No catches, no fine print just unconditional book loving for your children with their favourites saved to their own digital bookshelf.
New members get entered into our monthly draw to win £100 to spend in your local bookshop plus lots lots more...Find out more
Robert Louis Stevenson was born to Thomas and Margaret Isabella Balfour Stevenson in Edinburgh on 13 November 1850. From the beginning he was sickly. Through much of his childhood he was attended by his faithful nurse, Alison Cunningham, known as Cummy in the family circle. She told him morbid stories about the Covenanters (the Scots Presbyterian martyrs), read aloud to him Victorian penny-serial novels, Bible stories, and the Psalms, and drilled the catechism into him, all with his parents' approval. Thomas Stevenson was quite a storyteller himself, and his wife doted on their only child, sitting in admiration while her precocious son expounded on religious dogma. Stevenson inevitably reacted to the morbidity of his religious education and to the stiffness of his family's middle-class values, but that rebellion would come only after he entered Edinburgh University. The juvenilia that survives from his childhood shows an observer who was already sensitive to religious issues and Scottish history. Not surprisingly, the boy who listened to Cummy's religious tales first tried his hand at retelling Bible stories: "A History of Moses" was followed by "The Book of Joseph." When Stevenson was sixteen his family published a pamphlet he had written entitled The Pentland Rising, a recounting of the murder of Nonconformist Scots Presbyterians who rebelled against their royalist persecutors.
Michael Morpurgo is, in his own words, "oldish, married with three children, and a grandfather six times over." Born in 1943, he attended schools in London, Sussex and Canterbury. He went on to London University to study English and French, followed by a step into the teaching profession and a job in a primary school in Kent. It was there that he discovered what he wanted to do. "We had to read the children a story every day and my lot were bored by the book I was reading. I decided I had to do something and told them the kind of story I used to tell my kids - it was like a soap opera, and they focused on it. I could see there was magic in it for them, and realised there was magic in it for me." Living in Devon, listening to Mozart, and working with children have provided most of the stimulae Michael needs to discover and write his stories. He spends about half his life mucking out sheds with the children, feeding sheep or milking cows; the other half he spends dreaming up and writing stories.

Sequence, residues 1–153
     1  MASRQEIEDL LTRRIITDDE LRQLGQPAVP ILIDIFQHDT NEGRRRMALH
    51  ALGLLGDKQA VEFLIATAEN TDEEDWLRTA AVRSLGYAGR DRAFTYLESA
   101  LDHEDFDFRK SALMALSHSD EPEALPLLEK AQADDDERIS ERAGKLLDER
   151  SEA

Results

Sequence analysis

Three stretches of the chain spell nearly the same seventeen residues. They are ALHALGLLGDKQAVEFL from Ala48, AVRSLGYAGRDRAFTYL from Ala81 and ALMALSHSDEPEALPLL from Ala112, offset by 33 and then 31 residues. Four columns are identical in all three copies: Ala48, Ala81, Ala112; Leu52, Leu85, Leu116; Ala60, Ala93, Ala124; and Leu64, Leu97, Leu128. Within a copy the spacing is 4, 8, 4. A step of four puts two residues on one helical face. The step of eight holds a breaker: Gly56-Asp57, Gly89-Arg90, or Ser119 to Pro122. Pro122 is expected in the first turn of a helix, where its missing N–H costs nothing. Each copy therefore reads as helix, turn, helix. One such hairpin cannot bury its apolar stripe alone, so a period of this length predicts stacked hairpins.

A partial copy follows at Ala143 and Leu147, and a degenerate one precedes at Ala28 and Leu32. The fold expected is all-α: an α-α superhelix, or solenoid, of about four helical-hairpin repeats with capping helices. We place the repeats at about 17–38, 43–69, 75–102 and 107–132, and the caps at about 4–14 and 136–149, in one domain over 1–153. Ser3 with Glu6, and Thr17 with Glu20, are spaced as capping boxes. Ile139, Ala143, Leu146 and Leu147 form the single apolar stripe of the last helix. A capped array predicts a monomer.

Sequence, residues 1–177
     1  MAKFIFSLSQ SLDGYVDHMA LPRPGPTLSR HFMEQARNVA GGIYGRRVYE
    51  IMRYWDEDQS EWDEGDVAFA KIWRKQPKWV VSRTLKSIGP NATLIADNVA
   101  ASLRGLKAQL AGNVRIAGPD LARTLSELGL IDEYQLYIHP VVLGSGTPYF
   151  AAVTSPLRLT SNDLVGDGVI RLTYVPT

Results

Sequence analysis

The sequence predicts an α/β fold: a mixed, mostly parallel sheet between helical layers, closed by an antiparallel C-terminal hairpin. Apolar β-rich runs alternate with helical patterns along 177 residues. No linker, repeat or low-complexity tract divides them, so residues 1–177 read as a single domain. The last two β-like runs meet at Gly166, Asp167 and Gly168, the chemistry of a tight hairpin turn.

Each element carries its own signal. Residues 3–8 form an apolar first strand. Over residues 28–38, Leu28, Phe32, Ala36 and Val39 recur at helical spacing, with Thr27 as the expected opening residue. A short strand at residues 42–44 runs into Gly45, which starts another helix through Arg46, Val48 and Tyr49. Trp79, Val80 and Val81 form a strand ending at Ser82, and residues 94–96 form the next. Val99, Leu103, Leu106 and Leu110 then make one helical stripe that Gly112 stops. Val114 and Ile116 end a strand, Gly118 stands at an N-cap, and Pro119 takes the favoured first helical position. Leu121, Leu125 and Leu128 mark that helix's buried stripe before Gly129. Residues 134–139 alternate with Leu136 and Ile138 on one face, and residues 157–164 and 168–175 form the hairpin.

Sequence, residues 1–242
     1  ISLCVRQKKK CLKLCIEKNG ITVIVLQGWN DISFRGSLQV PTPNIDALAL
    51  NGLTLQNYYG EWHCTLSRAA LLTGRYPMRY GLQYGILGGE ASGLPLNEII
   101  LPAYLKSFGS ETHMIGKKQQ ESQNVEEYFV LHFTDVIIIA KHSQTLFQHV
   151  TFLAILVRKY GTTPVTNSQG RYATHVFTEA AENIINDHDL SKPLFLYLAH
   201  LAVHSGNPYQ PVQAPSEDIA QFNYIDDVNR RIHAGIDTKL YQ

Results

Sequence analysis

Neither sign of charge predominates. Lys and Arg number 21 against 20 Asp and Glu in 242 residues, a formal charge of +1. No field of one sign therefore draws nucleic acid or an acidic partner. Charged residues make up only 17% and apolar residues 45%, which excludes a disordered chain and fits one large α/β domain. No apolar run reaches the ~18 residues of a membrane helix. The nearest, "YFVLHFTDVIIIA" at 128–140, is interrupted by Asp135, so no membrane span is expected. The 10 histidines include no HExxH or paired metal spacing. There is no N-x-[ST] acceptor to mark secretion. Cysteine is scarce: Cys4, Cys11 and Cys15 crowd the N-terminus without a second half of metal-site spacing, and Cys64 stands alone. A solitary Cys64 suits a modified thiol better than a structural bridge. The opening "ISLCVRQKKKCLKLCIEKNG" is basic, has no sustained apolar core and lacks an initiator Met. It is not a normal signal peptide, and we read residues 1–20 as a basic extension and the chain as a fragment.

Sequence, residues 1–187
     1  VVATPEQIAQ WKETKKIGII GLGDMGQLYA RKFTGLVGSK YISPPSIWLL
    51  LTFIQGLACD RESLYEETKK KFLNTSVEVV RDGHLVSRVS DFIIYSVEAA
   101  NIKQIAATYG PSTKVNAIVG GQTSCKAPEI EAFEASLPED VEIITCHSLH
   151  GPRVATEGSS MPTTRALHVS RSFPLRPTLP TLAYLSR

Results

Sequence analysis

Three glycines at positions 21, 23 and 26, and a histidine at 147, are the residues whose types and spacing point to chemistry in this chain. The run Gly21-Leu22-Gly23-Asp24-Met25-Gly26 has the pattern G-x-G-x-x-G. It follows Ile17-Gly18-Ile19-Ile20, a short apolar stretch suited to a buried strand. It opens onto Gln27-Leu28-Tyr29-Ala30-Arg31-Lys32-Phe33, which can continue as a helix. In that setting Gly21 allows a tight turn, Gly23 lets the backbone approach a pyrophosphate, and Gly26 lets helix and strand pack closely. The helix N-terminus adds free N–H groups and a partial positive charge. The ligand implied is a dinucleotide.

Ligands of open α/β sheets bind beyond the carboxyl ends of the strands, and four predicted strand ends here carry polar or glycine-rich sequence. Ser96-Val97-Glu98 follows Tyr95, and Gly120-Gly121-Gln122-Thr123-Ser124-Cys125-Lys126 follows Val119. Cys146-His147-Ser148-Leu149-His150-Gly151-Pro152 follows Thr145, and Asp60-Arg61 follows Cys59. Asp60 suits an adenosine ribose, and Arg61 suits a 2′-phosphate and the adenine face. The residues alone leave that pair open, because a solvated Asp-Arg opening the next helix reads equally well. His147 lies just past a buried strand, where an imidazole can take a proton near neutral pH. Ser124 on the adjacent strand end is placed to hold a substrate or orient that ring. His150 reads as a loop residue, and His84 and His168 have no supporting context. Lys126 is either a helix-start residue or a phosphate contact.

Michael Foreman’s stunning illustrations brilliantly capture the fast-paced action and drama of Stevenson’s classic, of high seas adventure, mysterious maps, peg-legged pirates and fabulous buried treasure that has sparked children’s imaginations for generations. How difficult it must have been for Foreman to select the parts of the story to illustrate !There’s even an absolutely brilliant Foreword to the book by Michael Morpurgo that imagines a meeting between Michael Foreman and the great Robert Louis Stevenson to discuss the illustrations you see within the covers! An added bit of brilliance to an already brilliant edition of a timeless classic.
When Jim Hawkins discovers a map in an old sea chest, he little guesses of the danger and excitement which lie ahead. He sets sail for Treasure Island in search of treasure. A terrifically exciting tale of a dead man’s map, mutinous pirates, skulduggery and buried treasure. From Michael Morpurgo: "This was the first real book I read for myself. I lived this book as I read it."